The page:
The NBA season is in full flow. The halfway point is coming up and the trade deadline and All-Star game are coming into focus on the horizon. Things change, of course, but there is much to be learnt from the start of the season and most teams worthy of contention will have shown signs of it through the first 40 games.
We were graced with a truly fascinating NBA Finals last year, with LeBron James finally bringing the championship to Cleveland and the record-setting 73-win Golden State Warriors choking in a series they had led 3-1. Adding Kevin Durant this summer made the Warriors instant contenders again, but what about the other teams? Can we separate the contenders from the pretenders?
Golden State Warriors – Contenders.
It is not even worth talking about. They have the best roster, a Championship-pedigree and a great coach and system. It is almost worth locking them into the Finals. Curry, Klay, KD, Draymond, Zaza. Lock them in! Come on, man!
San Antonio Spurs – Pretenders?
It seems like sacrilege to write off the Spurs but this is far from definite. Coach Popovich always makes his team one capable of winning the NBA title but this year, their first without Tim Duncan in the 21st Century, may well be out of reach.
Make no mistake, Kawhi Leonard is a defensive dynamo and a true superstar, capable of getting the better of any match up, even LeBron or Durant. His ability to pull the Spurs to a Championship is not guaranteed though. The former Finals MVP does not have the support he once had. LaMarcus Aldridge is a great scoring big and a slower Pau Gasol is still a nice piece but there is a lack of quality elsewhere. Tony Parker is not the player he once was. Manu Ginobili isn’t either. Their rotation options, Patty Mills and Danny Green, do not change anything. Parker and Mills and Green and Ginobili. That backcourt might just fall short.
Then again, never, I mean NEVER, write off Pop.
Houston Rockets – Pretenders.
No. Just no. Their ultra-fast offensive style is a joy to behold and James Harden is, arguably, the MVP at this point. In the playoffs, though, when the game often becomes slower, the Rockets will be caught out. Mike D’Antoni’s offence did not get the Phoenix Suns any real success in the postseason and it will be no different with Houston, even if both teams have the MVP (Steve Nash and James Harden(?)).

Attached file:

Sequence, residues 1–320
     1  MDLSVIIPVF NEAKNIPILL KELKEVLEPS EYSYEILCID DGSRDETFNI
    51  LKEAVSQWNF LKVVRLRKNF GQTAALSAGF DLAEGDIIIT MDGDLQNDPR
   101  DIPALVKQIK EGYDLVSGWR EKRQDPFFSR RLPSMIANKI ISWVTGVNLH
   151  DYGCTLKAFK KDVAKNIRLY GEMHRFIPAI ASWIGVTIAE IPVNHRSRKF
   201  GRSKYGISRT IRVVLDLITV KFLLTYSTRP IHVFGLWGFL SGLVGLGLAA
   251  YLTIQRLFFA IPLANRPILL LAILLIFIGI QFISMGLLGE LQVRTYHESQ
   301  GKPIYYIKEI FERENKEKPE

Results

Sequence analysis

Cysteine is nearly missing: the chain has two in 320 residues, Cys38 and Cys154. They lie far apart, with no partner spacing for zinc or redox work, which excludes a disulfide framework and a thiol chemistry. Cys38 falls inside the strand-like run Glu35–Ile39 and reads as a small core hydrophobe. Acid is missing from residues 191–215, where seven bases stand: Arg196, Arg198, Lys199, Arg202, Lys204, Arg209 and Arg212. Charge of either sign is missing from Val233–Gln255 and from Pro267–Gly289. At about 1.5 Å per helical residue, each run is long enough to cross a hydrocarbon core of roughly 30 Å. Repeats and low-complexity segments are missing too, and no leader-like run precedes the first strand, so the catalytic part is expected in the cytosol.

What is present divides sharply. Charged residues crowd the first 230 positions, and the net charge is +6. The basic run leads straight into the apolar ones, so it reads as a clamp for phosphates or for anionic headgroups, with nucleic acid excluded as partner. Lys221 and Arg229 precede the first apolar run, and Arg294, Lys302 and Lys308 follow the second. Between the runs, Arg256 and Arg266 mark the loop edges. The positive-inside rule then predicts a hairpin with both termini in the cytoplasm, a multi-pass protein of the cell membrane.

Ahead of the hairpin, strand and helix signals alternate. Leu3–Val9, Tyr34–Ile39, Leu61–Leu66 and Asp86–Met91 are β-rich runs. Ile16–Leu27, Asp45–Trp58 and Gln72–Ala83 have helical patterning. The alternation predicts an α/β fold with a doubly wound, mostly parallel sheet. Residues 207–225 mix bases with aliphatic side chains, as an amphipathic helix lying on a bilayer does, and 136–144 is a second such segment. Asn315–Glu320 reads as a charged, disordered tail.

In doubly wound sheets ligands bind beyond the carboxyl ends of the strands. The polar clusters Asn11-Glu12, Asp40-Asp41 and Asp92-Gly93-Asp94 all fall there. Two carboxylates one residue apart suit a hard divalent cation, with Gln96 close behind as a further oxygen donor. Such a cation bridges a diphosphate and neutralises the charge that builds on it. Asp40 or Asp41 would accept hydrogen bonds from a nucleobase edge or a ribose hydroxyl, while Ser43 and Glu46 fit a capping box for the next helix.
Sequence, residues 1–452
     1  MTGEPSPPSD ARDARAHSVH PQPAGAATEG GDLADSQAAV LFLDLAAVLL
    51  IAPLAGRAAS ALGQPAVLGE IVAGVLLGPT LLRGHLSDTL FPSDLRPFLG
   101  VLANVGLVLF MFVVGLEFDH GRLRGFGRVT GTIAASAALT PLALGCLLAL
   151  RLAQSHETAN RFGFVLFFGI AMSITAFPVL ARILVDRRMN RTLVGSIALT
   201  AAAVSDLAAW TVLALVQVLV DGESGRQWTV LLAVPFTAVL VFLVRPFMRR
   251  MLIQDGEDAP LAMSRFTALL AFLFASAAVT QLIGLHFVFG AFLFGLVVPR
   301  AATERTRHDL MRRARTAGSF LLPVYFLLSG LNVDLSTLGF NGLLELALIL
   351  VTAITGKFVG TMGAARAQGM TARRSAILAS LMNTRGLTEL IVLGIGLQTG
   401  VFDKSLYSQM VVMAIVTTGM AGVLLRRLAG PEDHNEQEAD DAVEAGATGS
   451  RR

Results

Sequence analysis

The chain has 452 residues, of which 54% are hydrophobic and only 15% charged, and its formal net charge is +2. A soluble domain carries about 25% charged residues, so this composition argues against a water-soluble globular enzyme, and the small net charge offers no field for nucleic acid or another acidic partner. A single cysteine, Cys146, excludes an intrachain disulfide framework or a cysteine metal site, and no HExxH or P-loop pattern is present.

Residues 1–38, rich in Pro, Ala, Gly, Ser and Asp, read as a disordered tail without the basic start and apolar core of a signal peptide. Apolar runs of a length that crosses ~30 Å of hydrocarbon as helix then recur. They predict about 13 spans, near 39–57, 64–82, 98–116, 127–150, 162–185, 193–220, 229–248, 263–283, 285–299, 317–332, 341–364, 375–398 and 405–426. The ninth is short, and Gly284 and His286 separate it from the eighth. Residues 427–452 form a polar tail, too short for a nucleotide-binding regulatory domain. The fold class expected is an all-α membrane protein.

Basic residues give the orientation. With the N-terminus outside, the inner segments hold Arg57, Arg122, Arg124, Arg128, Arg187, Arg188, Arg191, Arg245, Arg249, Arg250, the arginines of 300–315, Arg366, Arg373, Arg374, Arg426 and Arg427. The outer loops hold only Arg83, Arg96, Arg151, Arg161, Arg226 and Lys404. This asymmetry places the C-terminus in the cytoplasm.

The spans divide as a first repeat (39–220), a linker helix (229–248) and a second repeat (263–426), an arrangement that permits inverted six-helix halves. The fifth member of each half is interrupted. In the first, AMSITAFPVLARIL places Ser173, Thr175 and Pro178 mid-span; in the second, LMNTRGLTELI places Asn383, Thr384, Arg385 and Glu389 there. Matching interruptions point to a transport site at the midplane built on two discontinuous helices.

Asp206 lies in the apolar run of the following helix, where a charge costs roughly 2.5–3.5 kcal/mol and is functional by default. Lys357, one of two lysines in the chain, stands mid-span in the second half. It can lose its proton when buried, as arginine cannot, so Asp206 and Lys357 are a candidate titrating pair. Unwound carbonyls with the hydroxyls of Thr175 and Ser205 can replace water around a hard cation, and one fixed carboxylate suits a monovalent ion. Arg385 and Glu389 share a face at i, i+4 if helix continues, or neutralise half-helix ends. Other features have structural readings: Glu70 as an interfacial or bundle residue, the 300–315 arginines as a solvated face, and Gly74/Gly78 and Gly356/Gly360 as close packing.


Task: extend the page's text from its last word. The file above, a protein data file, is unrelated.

Harden is elite. He is among the elite of the elite. His scoring is insatiable and his passing, as the league’s leading playmaker, is constantly impressive, despite troubles with turnovers. Still, he will not be able to pull his team all the way to the Finals. He tried it before with Dwight injured and the Conference Finals were his limit.
His support is not weak. Eric Gordon is proving a lot of people wrong in Houston and he and the sweet-shooting big, Ryan Anderson, are great scorers. Trevor Ariza and Clint Capela are not bad support players either but the team around James Harden is not of the same ilk as their competition.
Los Angeles Clippers – Contenders.
Really? The L.A. Clippers are contenders but the Spurs are pretenders? Well, the Clippers have a great roster. In Chris Paul, Blake Griffin and DeAndre Jordan, they have a big three that excels in every way and on both ends. They are aging though and have been devoid of success, so the big three should be motivated by the knowledge that their window to bring a championship to the Clippers is fading, fast.
CP3 is the league’s most balanced point guard and one of the greatest of all-time. Blake is a dynamic power forward capable of passing, scoring and rebounding and DJ is the ultimate role-player-turned-star with his ridiculous efficiency. And beyond them, the team’s support is excellent. Los Angeles have one of the best bench scorers in Jamal Crawford and an elite three-point threat in J.J. Reddick. They even have a leader who has seen and done it all, in Paul Pierce.